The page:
Kv11.1 channel current, because of its unique slow activation and deactivation gating kinetics relative to its rapid inactivation and recovery from inactivation kinetics, plays an important role late in cardiac repolarization in mammalian heart.1, 2, 18 The T421M mutation markedly altered its voltage-dependence and kinetics of both channel activation and deactivation but had minimal effects on the rates of inactivation and recovery from inactivation. At membrane voltages where WT-Kv11.1 channels activate, T421M-Kv11.1 channels either remain closed or at very positive voltages T421M channels activate slowly and deactivate rapidly, thus the probability of channels being in the open state (Po) is reduced at physiologically relevant voltages. It is interesting that a single uncharged amino acid substitution in the S1 transmembrane domain exerts profound changes on the voltage-dependence of channel availability and the rates of activation and deactivation. Although the Kv11.1 S1-S3 domains are thought to modulate the principle voltage sensor in S4, there are few studies specifically probing the role of the S1 transmembrane domain on the regulation of channel gating. Liu and colleagues studied mutating negatively charged amino acid residues in S1–S3 of Kv11.119 Neutralizing the aspartate to a cysteine (D411C) in the S1 transmembrane domain resulted in channels activating in a more negative voltage range than WT-Kv11.1 channels, and the rates of activation and deactivation were accelerated. Our findings show that T421M-Kv11.1, unlike D411C-Kv11.1, caused a marked positive shift in the voltage-dependence of activation. For T421M-Kv11.1 the slope factor was not significantly different from WT-Kv11.1, which may suggest that the charges involved in sensing the transmembrane voltage for channel opening are not affected, rather the mutation acts to destabilize the open state of the channel.19 In T421M-Kv11.1, it is possible that the methionine (a hydrophilic amino acid) in replacing the threonine (a non-polar hydrophobic amino acid) interacts with water filled crevices surrounding the S1 and S2 transmembrane domains to alter its interaction with the S4 domain to affect activation, and possibly the S4–S5 linker to affect deactivation.20 Our results support recent findings by Lee and colleagues.21 that a molecular “interface” exists between S1 and the pore region of K+ channels that allows for efficient transmission of conformational changes to affect channel gating.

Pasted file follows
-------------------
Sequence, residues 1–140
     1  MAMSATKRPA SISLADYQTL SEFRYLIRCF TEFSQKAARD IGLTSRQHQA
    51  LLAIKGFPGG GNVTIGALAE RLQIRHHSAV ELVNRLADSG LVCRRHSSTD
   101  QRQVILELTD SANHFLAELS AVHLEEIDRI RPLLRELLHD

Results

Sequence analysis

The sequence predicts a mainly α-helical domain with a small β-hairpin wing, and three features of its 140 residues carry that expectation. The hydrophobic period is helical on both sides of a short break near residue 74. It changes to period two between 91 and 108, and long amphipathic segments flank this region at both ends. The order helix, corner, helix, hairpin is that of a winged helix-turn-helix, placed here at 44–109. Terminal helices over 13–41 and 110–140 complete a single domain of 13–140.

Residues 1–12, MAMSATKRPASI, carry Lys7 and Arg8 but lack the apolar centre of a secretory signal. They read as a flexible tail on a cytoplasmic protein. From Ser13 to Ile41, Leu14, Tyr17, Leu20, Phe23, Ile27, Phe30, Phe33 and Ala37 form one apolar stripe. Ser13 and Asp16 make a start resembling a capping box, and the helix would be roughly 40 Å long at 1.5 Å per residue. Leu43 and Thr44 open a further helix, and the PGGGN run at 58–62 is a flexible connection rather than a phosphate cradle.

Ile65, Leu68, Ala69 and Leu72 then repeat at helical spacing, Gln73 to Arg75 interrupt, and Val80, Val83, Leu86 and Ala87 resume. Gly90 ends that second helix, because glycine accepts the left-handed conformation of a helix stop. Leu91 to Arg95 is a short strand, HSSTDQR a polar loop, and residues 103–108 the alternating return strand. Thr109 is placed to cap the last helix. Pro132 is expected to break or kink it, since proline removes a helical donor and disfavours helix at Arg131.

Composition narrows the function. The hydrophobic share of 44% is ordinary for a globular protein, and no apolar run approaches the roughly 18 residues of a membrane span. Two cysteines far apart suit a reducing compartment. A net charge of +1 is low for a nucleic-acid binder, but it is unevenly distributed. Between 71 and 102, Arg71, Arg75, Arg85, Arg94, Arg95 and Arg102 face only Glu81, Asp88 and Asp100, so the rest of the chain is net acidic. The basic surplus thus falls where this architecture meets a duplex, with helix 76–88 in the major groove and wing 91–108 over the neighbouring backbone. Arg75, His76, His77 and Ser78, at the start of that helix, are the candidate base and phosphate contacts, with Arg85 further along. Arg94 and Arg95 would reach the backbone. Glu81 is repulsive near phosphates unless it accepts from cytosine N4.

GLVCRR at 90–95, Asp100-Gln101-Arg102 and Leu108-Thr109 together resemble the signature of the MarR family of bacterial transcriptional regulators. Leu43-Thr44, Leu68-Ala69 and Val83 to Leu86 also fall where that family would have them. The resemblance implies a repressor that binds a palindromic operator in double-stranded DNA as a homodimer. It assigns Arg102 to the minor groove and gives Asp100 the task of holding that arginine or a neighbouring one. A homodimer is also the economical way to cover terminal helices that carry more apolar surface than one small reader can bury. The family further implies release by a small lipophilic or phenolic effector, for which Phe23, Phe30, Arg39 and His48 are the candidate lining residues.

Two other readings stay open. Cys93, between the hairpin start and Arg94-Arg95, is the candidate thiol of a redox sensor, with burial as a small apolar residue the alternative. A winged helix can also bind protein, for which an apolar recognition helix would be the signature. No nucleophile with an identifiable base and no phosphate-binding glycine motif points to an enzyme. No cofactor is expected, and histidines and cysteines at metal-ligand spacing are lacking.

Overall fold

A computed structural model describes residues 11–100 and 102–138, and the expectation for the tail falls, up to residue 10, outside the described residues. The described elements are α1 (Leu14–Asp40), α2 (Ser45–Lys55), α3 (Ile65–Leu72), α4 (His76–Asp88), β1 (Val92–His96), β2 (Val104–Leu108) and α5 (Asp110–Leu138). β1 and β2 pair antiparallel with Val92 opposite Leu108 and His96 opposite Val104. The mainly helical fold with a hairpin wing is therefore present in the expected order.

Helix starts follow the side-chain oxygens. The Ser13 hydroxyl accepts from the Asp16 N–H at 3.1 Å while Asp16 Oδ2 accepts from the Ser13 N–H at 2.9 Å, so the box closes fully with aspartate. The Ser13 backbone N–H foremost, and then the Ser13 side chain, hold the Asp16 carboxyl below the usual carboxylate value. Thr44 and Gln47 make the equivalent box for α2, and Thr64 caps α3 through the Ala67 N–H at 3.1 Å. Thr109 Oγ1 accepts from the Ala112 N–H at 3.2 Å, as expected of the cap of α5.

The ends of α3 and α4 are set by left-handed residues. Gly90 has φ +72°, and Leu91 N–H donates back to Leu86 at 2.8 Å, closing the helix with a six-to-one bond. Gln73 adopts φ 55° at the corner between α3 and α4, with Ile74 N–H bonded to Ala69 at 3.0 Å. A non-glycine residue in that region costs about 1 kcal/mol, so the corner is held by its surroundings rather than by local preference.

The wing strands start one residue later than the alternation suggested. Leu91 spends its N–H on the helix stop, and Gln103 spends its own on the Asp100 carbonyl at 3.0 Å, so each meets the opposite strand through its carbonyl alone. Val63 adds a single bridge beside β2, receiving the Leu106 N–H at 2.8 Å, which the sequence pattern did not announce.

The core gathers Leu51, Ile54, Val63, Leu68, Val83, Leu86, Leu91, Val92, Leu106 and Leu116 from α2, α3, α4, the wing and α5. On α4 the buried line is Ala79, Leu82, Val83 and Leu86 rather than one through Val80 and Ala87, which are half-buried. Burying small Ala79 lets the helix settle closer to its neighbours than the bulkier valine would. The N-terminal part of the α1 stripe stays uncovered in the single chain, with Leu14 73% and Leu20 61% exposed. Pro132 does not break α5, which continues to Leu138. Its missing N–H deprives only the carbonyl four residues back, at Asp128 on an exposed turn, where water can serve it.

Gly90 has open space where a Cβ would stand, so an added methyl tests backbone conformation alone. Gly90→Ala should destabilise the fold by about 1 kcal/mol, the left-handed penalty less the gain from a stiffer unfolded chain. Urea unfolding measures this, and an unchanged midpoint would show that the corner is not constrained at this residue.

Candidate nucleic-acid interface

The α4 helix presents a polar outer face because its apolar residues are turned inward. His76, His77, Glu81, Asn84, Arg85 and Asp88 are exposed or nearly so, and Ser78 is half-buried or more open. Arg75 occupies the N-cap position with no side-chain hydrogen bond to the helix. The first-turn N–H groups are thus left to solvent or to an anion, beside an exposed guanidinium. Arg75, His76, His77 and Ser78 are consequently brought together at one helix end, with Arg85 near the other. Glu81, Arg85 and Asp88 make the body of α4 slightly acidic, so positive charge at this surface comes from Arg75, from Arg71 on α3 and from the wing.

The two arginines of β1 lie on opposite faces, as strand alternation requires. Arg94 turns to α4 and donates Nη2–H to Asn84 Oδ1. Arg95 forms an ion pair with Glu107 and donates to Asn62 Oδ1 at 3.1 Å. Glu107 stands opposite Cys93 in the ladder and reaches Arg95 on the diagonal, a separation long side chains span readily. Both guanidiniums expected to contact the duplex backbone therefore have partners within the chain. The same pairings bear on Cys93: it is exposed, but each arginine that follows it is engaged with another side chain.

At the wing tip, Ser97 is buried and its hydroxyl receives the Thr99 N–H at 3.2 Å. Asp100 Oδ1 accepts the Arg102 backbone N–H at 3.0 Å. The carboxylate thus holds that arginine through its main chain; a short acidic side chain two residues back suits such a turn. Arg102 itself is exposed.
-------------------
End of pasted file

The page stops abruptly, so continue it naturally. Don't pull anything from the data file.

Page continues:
Most LQTS follow an autosomal dominant inheritance pattern with both WT and mutant copies of the gene present in affected individuals. For LQT2, these alleles generate α-subunits that may co-assemble to form both homotetrameric and heterotetrameric channels. For LQT2 missense mutations studied in heterologous expression models (e.g., HEK293 cells, CHO cells, neonatal mouse myocytes, etc) homotetrameric channels commonly have a trafficking-deficient phenotype thought to result from channel protein misfolding and its retention in intracellular compartments including the ER.5,12 Furthermore, co-expression of WT with mutant α-subunits does not correct the trafficking abnormality, rather this results in heterotetrameric channels that retain a dominant negative trafficking-deficient phenotype of variable severity with only a small increase in IKv11.1.5,22 Less is known about the electrophysiological effect of WT α-subunit co-assembly with mutant α-subunits, and whether this follows a dominant negative pattern. Our findings show that the mutant α-subunits do not exert a prominent dominant negative effect, rather the voltage dependence of gating phenotype is close to that of the WT-Kv11.1 channel. This “WT-like” electrophysiological phenotype potentially ameliorates the impact of abnormal gating associated with mutant channels. We conclude that dominant negative interactions of mutant with WT α-subunits on channel trafficking and channel gating appear to be fundamentally different. An intermediate electrophysiological phenotype has been observed for the R56Q LQT2 mutation in the Kv11.1 PAS domain when co-expressed with WT-Kv11.1 in Xenopus oocytes23 and for a KCNJ2 SQT3 mutation co-expressed with WT-KCNJ2 in CHO cells.24